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Creature From The Black Lagoon

In this Universal horror classic that spawned two sequels, a team of scientists on an expedition down the Amazon to find a link between land and sea animals discovers more than it bargained for in the form of a water-breathing, half-human gillman...and soon the hunters become the hunted!

Water beckons us. It is soothing and seductive…but it's also capable of unleashing deadly force. The mythic creatures that inhabit the depths give form to water's essential mysteries. They arouse feelings of curiosity, hope—and bottomless fear. Like water itself, these creatures can be beautiful and enticing. But will they share their life-giving bounty? Or lure us to destruction?

The sea has been a place of mystery ever since the beginning of the human race. Probably one of the earliest sea creatures on record was the fish-god of Babylonia. Its name was Ea, or Oannes, and it was described more than 4,000 years ago. Down to the waist it was a handsome man with a beard. But below the waist, it was a fish complete with scales and a tail. It was the creature that came out of the Persian Gulf to teach the Babylonians how to write and to give them lessons in the arts and sciences.

There were other fish-men described in ancient writings. The ancient Hindus, the Greeks, and the Romans all had them in their mythologies. In the Western world, during the sixteenth century, there seemed to be a rash of fish-men and fish-women. There is one story of a creature captured in Norway that looked like a monk. One medieval writer described it: "it had a man's face, rude and ungraceful with a bald, shining head; on the shoulders something resembling a monk's cowl; and long winglets instead of arms. The extremity of the body ended in a tail."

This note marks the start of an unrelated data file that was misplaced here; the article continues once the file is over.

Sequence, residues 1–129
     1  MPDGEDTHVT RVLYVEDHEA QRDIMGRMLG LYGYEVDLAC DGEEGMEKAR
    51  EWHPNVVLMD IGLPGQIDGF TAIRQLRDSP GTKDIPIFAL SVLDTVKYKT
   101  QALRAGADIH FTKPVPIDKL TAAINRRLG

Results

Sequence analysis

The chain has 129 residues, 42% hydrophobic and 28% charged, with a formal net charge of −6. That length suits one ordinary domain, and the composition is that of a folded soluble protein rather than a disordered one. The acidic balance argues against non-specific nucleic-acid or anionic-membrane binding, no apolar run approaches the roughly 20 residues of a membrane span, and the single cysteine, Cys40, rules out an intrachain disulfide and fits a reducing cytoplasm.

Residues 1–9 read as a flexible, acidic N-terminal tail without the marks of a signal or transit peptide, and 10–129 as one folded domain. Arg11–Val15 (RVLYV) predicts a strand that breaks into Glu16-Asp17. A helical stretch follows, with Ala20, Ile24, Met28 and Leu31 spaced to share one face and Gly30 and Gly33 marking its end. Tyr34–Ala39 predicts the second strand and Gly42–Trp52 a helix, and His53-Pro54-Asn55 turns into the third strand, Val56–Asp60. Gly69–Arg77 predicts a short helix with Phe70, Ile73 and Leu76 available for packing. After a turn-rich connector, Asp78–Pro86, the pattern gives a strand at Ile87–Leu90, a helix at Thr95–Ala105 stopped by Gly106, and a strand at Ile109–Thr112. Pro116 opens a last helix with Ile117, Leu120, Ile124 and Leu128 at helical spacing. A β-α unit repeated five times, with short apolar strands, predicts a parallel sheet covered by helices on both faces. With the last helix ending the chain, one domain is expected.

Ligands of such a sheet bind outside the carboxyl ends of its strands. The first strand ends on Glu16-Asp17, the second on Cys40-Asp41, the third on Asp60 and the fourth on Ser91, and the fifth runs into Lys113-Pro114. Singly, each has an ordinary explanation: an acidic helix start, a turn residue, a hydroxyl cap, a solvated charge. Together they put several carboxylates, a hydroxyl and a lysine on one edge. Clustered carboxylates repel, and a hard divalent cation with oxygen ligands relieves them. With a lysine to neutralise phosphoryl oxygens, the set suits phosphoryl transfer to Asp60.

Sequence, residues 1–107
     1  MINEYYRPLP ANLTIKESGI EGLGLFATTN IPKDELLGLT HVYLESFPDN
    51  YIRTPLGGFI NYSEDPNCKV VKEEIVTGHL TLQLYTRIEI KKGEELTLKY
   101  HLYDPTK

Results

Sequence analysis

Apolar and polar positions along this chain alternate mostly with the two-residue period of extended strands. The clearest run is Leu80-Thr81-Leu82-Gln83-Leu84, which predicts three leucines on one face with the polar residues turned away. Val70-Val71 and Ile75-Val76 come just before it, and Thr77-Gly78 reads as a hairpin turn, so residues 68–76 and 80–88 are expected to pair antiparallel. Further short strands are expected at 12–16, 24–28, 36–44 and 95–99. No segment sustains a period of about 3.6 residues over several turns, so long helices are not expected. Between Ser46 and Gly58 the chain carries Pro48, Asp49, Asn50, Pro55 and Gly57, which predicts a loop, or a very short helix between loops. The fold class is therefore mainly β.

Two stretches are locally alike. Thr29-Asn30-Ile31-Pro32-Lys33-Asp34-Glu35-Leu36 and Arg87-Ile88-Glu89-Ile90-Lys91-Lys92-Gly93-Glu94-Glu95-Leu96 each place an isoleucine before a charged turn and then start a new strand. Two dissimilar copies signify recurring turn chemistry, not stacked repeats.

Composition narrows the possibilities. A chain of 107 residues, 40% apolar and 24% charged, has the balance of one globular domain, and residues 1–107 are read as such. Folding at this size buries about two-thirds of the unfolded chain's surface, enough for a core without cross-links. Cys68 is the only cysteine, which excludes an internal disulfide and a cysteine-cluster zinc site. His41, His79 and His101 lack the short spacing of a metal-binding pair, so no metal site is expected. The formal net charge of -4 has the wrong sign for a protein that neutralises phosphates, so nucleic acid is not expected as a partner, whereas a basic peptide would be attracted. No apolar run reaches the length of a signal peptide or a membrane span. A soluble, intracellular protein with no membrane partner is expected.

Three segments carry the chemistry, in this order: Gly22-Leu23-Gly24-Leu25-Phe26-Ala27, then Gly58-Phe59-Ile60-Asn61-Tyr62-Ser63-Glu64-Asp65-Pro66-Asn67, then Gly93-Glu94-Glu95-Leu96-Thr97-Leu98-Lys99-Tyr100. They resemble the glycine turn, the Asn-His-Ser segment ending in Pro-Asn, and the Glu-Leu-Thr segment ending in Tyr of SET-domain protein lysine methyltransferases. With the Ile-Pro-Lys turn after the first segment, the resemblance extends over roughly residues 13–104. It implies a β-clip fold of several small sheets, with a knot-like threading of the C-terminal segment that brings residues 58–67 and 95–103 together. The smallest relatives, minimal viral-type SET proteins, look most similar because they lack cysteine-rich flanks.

According to the story, the monkfish was given to the king of Poland. He then took pity on it and had, it put back into the sea. In the last part of the sixteenth century, there was an account of a sea serpent:

... With seven heades that was sent out of Tryrkev to Venice embalmed, which long after was made a present to Francis de Valoys, the French king, by whom for the rareness of it, was valued at 6000 ducats. Nature hath never brought out a form anything more marvellous amongst the monsters that ever were, for besides the fearfull figure of this serpent, there is yet a further consideration and regarde touehying the faces, which both in view and judgement seem more human than brutal.

Stories of giant sea serpents have been around for a long time. The ancient Greek philosopher Aristotle told of a serpent that had attacked and capsized ships off the coast of Libya. The kings of ancient Delphi and Thebes believed that they were related to serpents. The first king of Athens was believed to have been half-man and half-serpent. And there were those who thought that the father of Alexander the Great was a serpent.